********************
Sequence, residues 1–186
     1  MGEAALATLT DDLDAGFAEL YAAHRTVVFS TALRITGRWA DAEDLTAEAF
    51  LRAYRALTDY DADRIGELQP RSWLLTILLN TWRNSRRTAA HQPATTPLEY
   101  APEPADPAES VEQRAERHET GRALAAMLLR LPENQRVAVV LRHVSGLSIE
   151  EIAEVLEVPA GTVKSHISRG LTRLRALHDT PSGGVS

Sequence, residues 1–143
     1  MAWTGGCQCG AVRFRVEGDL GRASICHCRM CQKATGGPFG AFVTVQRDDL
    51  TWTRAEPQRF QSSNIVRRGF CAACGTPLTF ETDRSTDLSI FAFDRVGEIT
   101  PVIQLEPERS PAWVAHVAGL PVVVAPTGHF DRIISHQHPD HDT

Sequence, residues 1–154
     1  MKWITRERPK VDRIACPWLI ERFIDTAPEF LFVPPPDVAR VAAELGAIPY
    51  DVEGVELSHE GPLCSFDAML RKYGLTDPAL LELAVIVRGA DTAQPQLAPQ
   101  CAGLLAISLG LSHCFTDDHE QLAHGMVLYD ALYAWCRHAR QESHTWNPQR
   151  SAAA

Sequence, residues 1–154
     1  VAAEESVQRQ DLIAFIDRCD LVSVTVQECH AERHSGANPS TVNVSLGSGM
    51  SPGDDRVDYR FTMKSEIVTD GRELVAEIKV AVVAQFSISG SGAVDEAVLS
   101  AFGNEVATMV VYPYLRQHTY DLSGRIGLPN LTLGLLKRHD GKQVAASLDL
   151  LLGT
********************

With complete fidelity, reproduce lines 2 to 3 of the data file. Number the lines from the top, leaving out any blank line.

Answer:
     1  MGEAALATLT DDLDAGFAEL YAAHRTVVFS TALRITGRWA DAEDLTAEAF
    51  LRAYRALTDY DADRIGELQP RSWLLTILLN TWRNSRRTAA HQPATTPLEY